The Report also adds that in Belize, the biggest challenge of the HIV program has been to care for and treat all newly diagnosed HIV infected persons and those that are already on antiretroviral therapy. The primary goal of antiretroviral therapy is to suppress the HIV, thus improving the quality of health and life of a person living with HIV. Suppression is achieved by interfering with the ability of the virus to replicate or reproduce, resulting in an undetectable viral load. When the virus cannot replicate, damage to the immune system is minimized. “You need to stay on your medication. You need to change your lifestyle. You need to know what is happening. So for us as your health care providers, we need to do more screening. Of course, as the ministry, we are doing our part in trying to encourage individuals to get screened and tested. We offer all these services, so it entails a lot of things that we are doing in our end. But I guess what we need to look at as healthcare providers are a screen on more things because there are co-infections like Tuberculosis (TB) that is out there as well. These are the things that we should be looking at a little bit closer. Because we are seeing that the number of individuals who are dying of HIV were probably infected with TB as well. These are things we need to improve on. I guess this is what we are trying to incorporate now. We are trying to integrate both services, HIV and TB and this is the way we are trying to work that now,” said Dr. Manzanero.
TB is one of the leading causes of death among people living with HIV. Without treatment, as with other opportunistic infections, HIV and TB can work together to shorten a lifespan. Of the 117 TB positive patients who were screened for HIV, 28 were HIV positive, meaning they were co-infected. There were 18 deaths among these TB patients, of which six were HIV/TB co-infection.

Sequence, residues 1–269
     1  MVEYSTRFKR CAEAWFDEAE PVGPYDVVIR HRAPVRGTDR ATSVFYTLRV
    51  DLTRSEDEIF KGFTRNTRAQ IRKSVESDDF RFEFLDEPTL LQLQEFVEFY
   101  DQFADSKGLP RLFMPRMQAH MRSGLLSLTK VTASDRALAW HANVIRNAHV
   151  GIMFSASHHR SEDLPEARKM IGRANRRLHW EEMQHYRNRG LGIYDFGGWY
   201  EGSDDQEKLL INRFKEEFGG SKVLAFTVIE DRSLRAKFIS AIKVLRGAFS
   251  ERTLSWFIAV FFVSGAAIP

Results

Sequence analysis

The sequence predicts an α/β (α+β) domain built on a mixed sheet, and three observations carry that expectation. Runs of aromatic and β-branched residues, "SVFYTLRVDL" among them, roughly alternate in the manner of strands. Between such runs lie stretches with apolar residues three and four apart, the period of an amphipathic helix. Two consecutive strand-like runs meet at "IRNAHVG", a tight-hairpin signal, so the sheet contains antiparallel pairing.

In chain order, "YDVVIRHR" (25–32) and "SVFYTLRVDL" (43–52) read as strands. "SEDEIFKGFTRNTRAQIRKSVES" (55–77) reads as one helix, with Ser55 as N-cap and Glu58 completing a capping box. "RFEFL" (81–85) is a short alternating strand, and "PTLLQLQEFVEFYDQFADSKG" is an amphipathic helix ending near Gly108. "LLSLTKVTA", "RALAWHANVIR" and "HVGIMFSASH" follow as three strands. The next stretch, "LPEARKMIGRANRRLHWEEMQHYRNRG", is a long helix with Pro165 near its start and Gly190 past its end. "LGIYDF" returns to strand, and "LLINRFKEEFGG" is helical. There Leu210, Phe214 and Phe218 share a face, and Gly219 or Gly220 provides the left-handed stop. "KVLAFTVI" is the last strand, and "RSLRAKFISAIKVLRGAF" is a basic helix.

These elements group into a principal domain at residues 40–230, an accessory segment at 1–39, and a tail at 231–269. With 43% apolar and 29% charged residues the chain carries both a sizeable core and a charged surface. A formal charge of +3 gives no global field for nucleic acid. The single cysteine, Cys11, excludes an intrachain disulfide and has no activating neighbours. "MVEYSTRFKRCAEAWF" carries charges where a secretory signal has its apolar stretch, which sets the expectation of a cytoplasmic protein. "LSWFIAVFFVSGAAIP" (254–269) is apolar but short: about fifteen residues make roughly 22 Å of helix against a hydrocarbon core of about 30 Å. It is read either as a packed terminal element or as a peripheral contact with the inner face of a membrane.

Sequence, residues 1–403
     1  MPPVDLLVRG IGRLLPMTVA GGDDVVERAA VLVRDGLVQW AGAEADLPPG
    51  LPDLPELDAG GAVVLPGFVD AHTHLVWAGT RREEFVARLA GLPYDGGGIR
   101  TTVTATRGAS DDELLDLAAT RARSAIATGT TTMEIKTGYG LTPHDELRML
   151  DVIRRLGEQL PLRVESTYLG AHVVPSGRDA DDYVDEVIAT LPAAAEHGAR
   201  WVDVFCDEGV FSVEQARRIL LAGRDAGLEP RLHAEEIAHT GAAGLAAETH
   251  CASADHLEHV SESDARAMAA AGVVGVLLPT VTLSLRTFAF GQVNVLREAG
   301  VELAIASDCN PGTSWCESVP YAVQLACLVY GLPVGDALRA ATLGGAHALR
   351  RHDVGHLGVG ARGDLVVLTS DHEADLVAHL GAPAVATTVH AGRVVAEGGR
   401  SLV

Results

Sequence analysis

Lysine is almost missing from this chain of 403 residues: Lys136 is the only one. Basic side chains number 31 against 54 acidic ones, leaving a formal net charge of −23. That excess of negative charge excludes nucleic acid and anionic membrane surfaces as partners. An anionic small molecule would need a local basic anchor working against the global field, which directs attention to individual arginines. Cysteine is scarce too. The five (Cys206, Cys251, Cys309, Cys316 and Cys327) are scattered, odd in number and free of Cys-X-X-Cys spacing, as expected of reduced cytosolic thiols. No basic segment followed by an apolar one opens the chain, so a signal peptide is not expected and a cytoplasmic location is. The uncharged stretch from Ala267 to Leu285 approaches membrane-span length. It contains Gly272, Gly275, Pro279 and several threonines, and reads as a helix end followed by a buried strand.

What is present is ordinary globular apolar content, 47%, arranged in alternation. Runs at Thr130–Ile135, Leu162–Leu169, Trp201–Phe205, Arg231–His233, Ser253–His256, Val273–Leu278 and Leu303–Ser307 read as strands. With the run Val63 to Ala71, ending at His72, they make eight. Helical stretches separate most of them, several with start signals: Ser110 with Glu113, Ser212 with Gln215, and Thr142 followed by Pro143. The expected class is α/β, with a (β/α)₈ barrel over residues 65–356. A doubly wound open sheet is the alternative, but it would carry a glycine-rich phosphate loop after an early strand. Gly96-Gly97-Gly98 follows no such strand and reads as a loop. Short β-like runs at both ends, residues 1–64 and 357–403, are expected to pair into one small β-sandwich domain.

HIV is a virus that is spread through certain body fluids that attacks the body’s immune system, specifically the CD4 cells, often called T cells. Over time, HIV can destroy so many of these cells that the body can’t fight off infections and disease. These special cells help the immune system fight off infections. Untreated, HIV reduces the number of CD4 cells in the body. This damage to the immune system makes it harder and harder for the body to fight off infections and other diseases. Opportunistic infections or cancers then take advantage of the weak immune system and signals that the person has Acquired Immune Deficiency Syndrome (AIDS). Some symptoms of HIV/AIDS include nausea, vomiting, persistent diarrhea, chronic fatigue, rapid weight loss, cough and shortness of breath, recurring fever, chills, and night sweats, rashes, sores, or lesions in the mouth or nose, on the genitals, or under the skin.
Steps can be taken to protect yourself from HIV infection, such as getting tested and knowing your partner’s HIV status, always using a condom, limiting your number of sexual partners, and getting tested and treated for Sexually Transmitted Diseases.
Belizeans are always advised to visit their nearest health center and check their status regularly. Here in San Pedro Town, free HIV tests are available at the Dr. Otto Rodriguez San Pedro Polyclinic II. For more information on the 2017 HIV Statistical Report, you can visit the MOH website at http://health.gov.bz/www/.